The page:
It’s often pointed out that Rooney is a winner and he would bring a winning mentality to the club which is something that has been desperately needed. Whilst I agree on that point and a greater winner you’d struggle to find, I don’t think it would have as much of an impact as we would like given the fact he can no longer supplement it with the performances we were accustomed to seeing a few years ago.

I think as Evertonians we’re so desperate to see one of our own succeed in a Blue shirt that we’d welcome back someone who might well have been that person had things worked out differently. Therefore it leads me to ask: Would you want Wayne Rooney back if he wasn’t an Evertonian or a local lad? If you’re honest with yourself, I don’t think you’d even consider him as a potential Everton target, particularly given the ageing players already at the club.

Like it or not, we are a sentimental football club. There’s nothing wrong with that and it’s something to be proud of in many ways as long as it influences everything we do in a positive way. That has not always been the case, has it? You could argue it’s something that has often held the club back- not being ruthless enough, a soft underbelly – call it what you will. I’m as sentimental as it gets as I hope the opening of this piece indicates, but I’m aware Everton need a seismic shift in both mentality and sentimentality to put the club back to where it once was. I don’t see the signing a player who left more than a decade ago and whose best playing days are definitely behind him as being part of that.

The 15-year old kid who watched Rooney destroy Arsenal’s unbeaten run with one of the greatest goals I’ve ever seen live, is screaming at me inside my head. I won’t lie, I’ll be delighted for a while if he comes home – that’s until we see he isn’t everything we want or need him to be.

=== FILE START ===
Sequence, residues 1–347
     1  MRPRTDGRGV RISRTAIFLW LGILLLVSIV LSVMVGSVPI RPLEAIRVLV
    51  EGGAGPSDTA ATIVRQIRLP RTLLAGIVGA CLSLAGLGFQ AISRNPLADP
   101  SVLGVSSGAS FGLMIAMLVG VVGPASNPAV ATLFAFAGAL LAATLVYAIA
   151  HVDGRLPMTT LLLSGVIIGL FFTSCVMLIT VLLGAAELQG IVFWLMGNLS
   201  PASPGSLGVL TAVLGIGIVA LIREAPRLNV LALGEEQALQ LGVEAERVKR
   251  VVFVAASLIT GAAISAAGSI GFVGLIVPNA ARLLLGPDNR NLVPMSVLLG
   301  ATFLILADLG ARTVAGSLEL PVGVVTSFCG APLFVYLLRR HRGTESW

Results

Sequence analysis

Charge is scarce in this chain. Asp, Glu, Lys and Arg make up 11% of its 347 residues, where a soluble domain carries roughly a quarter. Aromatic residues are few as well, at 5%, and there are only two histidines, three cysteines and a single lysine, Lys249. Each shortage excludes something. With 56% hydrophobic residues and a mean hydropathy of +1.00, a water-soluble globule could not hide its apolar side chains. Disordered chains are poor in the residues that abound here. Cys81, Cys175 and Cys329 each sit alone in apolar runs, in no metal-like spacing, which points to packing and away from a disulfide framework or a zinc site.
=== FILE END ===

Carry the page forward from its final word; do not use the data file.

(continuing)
That in a nutshell is an issue for many Evertonians; our love for our own and who we are conflicts with what would actually be best for us.


  1. Fully understand the sentiments expressed and the Rooney situation is certainly a conundrum that Everton need to get right.

    If he does sign and we get a hungry, still something to prove, do whatever it takes Wayne Rooney, then it could be a deal we can’t afford to let go by, depending upon any fee and the salary package involved.

    If he does sign and we get a player simply looking to see out another couple of years with no genuine desire to actually perform then yes, it’s a deal we should swerve.

    The over riding hope has to be that if this deal is concluded, that Koeman and Rooney are 100% transparently clear and honest with each other and the rest of the squad as to what the modus operandi will be.

    The second over riding hope is that if this deal is concluded, that there is no element of sentimentality involved.

    This deal, if it happens, has to be made entirely for footballing reasons to improve the capability of the squad for a four competition season and not for any emotional reasons.

    Both Rooney and Koeman are surely savvy enough to realise that the scrutiny both will come under will be enormous, the pressure on both equally enormous, the need for this deal to succeed to be above enormous.

  2. Simple well best his best, would slow the team down, take a big wage packet, take past there best into there thirties players is not what we should be doing.

    Deffo no